How to teach a puppy or adult dog the leave it cue using Positive Reinforcement.
Below are the 4 Steps that are covered in the video.
Put extremely low value food down on the ground. Move far enough away that your dog can easily look away from the food and back at you. Mark and feed your dog for choosing to look away from the food. If your dog doesn’t think to look away from the food on his own you can use an attention noise. If he still can’t look away from it, it means the distraction is too hard. If this happens use a lower value distraction or create distance from the distraction. When your dog looks away from the distraction you can mark and reinforce multiple times. This will make it less likely for the dog to feel like he needs to keep looking at the distraction and will make it easier to add duration to the leave it cue.
Change things up. Move the location of the distraction, use a different distraction and approach and pass it from different angles.
Step 3 Add the cue
Once your dog is looking away from the distraction within 3 seconds you can add your cue. Move the distraction or change your location to get the dog to notice the distraction again. Then say your cue ‘leave it’. Mark and reinforce your dog for turning back toward you.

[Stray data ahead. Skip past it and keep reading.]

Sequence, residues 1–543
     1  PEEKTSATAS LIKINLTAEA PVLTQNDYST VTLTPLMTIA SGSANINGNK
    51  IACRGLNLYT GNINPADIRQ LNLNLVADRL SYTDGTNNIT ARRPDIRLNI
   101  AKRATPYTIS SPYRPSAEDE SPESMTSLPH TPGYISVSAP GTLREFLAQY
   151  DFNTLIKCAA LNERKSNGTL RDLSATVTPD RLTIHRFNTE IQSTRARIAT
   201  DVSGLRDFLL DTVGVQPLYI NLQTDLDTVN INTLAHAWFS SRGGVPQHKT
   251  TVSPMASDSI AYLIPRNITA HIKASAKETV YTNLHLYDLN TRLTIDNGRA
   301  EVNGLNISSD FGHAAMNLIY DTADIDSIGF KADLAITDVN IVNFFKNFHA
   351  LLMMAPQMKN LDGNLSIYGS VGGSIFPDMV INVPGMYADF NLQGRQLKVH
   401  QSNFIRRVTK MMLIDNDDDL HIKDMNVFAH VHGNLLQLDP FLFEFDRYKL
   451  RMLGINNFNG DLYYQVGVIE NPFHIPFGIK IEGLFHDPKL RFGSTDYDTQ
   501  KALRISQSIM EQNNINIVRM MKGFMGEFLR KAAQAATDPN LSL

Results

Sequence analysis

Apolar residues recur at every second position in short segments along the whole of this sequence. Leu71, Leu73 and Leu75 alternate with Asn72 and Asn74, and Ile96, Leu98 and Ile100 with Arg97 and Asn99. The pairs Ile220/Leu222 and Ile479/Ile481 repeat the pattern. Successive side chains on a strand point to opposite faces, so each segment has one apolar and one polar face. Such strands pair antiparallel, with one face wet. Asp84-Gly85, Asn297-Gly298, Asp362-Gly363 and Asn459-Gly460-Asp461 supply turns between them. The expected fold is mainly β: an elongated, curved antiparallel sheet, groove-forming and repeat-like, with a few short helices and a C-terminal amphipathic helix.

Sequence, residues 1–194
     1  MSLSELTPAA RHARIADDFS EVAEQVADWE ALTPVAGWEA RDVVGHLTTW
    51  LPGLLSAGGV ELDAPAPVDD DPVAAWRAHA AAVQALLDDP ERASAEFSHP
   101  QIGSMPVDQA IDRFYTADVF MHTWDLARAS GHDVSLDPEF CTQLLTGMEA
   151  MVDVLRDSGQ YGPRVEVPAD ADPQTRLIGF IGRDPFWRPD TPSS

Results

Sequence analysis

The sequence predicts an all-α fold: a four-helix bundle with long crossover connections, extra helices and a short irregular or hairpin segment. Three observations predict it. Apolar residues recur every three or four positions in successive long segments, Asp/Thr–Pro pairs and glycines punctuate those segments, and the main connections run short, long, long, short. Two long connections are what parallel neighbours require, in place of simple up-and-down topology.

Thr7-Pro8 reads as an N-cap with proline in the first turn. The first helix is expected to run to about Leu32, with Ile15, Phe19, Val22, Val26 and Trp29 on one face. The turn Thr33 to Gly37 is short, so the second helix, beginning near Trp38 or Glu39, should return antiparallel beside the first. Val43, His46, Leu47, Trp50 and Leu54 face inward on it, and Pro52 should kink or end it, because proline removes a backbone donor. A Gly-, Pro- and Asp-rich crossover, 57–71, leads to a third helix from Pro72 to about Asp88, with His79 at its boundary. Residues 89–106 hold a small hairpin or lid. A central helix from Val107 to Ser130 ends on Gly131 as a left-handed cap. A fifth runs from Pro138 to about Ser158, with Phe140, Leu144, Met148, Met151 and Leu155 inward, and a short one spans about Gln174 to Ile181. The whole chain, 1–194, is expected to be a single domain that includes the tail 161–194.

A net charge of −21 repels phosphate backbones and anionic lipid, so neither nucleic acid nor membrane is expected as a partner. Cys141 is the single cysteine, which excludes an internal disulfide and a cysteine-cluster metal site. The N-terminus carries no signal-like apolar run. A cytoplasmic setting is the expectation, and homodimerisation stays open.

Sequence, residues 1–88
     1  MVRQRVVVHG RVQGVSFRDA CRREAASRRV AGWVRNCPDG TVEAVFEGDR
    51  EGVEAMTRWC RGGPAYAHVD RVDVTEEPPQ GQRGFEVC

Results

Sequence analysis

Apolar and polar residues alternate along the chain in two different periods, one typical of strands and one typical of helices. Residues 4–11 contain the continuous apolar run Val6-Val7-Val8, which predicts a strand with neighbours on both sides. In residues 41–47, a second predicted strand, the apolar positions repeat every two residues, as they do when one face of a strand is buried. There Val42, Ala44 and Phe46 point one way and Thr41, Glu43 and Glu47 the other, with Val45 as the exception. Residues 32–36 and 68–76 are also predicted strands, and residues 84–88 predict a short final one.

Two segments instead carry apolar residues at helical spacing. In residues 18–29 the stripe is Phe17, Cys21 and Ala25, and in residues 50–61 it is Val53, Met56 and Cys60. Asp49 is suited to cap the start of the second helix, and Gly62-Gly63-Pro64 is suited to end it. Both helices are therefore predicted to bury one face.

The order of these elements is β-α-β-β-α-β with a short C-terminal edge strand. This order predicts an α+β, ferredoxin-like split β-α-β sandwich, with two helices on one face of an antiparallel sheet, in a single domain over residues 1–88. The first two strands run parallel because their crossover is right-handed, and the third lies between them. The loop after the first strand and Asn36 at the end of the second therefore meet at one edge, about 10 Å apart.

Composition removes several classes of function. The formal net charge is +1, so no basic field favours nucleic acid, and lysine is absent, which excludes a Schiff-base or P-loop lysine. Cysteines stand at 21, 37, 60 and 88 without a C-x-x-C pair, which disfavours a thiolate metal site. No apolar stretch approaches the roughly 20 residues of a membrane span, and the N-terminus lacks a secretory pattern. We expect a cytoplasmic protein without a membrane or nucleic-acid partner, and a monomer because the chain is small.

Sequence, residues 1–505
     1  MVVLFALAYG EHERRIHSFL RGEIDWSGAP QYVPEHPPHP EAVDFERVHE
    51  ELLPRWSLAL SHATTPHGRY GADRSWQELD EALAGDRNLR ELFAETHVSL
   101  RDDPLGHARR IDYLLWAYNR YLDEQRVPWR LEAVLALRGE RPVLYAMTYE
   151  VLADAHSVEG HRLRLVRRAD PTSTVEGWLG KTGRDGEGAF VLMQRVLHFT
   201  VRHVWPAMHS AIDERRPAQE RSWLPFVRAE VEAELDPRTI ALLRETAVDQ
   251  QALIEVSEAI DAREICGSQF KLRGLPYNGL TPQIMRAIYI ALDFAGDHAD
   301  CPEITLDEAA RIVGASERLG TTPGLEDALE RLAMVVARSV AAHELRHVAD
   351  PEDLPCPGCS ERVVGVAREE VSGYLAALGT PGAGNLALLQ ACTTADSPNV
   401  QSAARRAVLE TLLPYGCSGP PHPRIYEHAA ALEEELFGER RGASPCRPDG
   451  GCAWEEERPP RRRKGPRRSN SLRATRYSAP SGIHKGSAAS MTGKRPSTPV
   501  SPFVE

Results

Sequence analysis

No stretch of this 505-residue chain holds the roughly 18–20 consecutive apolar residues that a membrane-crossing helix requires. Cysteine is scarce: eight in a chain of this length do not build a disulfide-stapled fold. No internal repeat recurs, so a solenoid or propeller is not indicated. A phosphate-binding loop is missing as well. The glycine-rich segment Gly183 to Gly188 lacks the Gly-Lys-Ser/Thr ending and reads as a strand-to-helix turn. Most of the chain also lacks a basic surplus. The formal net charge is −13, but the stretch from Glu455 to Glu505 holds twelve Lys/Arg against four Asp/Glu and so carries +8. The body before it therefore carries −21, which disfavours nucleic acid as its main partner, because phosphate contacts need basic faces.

If the dog doesn’t look away from the distraction, stop saying your cue until the behavior is reliably happening within 3 seconds. This will help create a cue that the dog responds to promptly after you say it.
Continue to generalize the behavior and add criteria.
If the dog goes for the distraction more than 3 times in a row it means the criteria is too high and the training will not be as affective as if you break up the steps into smaller approximations, such as working from further away or using an easier distraction. When the dog is off leash for the first time, go back to using the easiest distraction.
You could allow the dog to get the distraction on a release cue such as “Get it”, however if you do this it can lead to the dog anticipating being released as well as getting more excited during the training process because of the fast movement of going for the food. I suggest not to do this during initial training. If you want to give the dog the distraction, pick it up and hand it to him.
Some ideas for generalizing the behavior:
Turn away from the distraction and come back to you
Walk past the distraction with you
Walk around the distraction with you
Call the dog past the distraction to you
Here are links to the video tutorials mentioned:
The attention noise –
The attention game – https://www.youtube.com/watch?v=HiziN7mluz8
The leash pressure game- Puppy version – https://www.youtube.com/watch?v=iKG89GVOJiM
Adult version –
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